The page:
Author(s): Busby PA, Plant KL, Whitford LA
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Abstract This study measured changes in electrode impedance over time in 19 adults and 29 children implanted with the Nucleus 24 cochlear implant system, using common ground and three monopolar modes of stimulation, over a series of time intervals. Impedances increased from the intraoperative to the initial fitting session, decreased during the initial fitting session and for the following week, and were then stable. Impedances were lowest for the common ground mode, while for the monopolar modes, impedances were related to the surface area of the return electrode. Impedances for children were higher than those for adults at the initial fitting session and for the following three weeks. The clinically measured impedance values increased in a basal-to-apical direction. When these data were corrected for differences in electrode surface area, impedances decreased in a basal-to-apical direction. Impedances were influenced by whether the electrodes were stimulated or unstimulated. Adults with higher electrode impedances tended to have lower hearing thresholds and comfortable listening levels, but this did not appear to clearly be the case for children.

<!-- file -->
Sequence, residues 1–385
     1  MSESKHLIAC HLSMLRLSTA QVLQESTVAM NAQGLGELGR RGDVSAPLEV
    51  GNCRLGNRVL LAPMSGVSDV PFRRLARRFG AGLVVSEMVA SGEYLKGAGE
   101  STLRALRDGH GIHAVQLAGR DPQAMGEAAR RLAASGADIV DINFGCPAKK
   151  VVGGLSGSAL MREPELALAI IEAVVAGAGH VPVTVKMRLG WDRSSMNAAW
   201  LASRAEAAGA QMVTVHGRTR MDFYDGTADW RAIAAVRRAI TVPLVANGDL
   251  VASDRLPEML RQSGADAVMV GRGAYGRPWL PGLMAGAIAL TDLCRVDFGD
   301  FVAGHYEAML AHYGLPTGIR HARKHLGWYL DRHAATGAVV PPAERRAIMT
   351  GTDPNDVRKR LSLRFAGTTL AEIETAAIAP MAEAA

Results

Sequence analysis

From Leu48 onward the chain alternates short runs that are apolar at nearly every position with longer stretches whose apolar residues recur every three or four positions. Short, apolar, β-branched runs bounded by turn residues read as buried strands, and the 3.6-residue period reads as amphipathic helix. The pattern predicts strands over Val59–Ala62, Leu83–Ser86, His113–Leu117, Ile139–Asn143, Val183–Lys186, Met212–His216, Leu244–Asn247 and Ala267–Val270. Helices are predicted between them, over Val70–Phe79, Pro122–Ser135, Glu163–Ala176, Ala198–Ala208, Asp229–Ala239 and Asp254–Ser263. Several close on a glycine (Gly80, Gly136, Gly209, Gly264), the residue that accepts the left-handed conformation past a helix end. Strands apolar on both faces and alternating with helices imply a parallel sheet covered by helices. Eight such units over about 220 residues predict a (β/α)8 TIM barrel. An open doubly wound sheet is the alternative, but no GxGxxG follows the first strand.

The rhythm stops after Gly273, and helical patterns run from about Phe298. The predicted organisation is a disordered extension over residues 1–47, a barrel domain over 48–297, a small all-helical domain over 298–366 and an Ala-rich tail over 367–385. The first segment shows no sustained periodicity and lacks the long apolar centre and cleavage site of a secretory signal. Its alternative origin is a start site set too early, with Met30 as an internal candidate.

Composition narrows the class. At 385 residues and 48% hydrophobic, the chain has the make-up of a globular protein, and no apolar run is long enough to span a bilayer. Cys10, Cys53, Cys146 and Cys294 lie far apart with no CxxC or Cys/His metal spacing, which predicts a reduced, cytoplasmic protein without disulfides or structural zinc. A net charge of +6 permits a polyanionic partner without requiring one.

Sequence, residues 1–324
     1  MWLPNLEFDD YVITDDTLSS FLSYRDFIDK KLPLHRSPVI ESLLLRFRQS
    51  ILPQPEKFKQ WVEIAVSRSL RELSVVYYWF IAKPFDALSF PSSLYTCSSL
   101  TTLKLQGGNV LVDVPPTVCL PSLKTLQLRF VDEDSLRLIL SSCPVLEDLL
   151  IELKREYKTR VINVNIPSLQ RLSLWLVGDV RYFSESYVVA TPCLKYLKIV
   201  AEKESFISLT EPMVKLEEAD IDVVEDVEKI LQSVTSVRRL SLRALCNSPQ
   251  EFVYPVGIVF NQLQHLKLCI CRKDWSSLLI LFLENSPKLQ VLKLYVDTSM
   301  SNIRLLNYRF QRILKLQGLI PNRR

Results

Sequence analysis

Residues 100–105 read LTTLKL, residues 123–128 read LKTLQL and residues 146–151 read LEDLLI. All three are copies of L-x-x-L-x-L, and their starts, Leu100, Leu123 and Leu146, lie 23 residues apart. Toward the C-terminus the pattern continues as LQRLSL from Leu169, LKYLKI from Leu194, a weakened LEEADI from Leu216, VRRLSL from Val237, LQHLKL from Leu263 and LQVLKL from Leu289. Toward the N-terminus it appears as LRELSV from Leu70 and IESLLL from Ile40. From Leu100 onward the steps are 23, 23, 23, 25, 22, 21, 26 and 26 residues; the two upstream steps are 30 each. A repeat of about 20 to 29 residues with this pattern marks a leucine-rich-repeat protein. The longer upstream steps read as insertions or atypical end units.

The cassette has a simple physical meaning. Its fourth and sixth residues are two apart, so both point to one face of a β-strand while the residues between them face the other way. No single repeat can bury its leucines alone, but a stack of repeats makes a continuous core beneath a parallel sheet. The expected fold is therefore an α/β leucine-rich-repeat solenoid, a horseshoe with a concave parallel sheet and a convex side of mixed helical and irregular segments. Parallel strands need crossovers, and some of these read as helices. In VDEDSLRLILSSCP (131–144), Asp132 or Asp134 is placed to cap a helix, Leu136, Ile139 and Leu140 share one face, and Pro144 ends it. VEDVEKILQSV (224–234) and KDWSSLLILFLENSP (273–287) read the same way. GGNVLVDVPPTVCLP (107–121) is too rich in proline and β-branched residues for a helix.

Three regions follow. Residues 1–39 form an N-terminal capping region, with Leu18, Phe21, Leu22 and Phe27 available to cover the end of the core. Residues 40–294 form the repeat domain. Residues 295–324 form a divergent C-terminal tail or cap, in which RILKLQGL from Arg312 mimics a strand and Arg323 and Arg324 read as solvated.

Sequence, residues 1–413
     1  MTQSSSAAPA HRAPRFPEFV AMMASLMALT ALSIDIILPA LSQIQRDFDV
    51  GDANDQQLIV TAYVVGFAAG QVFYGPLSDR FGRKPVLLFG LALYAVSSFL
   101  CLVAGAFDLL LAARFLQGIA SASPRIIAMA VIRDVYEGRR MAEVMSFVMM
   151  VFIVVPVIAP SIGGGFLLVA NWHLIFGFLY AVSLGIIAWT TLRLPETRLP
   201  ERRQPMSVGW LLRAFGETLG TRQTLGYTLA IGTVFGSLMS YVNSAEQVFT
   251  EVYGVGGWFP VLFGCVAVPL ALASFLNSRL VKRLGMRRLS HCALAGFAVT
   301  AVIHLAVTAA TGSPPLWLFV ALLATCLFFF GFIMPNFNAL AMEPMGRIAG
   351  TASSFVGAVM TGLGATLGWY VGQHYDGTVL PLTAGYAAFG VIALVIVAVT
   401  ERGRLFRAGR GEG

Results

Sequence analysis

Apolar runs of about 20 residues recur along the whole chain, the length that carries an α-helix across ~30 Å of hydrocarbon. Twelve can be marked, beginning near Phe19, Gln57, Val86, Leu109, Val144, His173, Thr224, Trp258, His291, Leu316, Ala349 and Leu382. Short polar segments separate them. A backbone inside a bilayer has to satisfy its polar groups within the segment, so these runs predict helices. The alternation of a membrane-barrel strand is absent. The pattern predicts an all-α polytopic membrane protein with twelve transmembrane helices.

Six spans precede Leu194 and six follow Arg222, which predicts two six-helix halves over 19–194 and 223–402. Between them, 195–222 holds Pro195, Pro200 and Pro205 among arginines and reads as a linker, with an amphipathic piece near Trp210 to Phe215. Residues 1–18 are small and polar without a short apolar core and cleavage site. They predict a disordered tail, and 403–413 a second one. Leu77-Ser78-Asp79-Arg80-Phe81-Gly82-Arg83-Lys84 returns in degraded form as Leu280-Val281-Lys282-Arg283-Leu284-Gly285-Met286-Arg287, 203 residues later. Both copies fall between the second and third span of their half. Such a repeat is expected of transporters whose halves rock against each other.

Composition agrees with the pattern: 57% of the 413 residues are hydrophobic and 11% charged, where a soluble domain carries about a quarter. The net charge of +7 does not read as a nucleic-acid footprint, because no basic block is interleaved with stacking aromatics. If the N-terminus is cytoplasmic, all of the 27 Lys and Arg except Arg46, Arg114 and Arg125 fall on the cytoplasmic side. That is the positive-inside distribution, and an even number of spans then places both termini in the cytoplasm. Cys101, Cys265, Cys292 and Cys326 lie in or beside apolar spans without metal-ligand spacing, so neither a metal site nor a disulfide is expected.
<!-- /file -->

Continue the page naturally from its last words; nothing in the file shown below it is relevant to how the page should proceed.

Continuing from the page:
This article was published in Cochlear Implants Int
and referenced in Otolaryngology: Open Access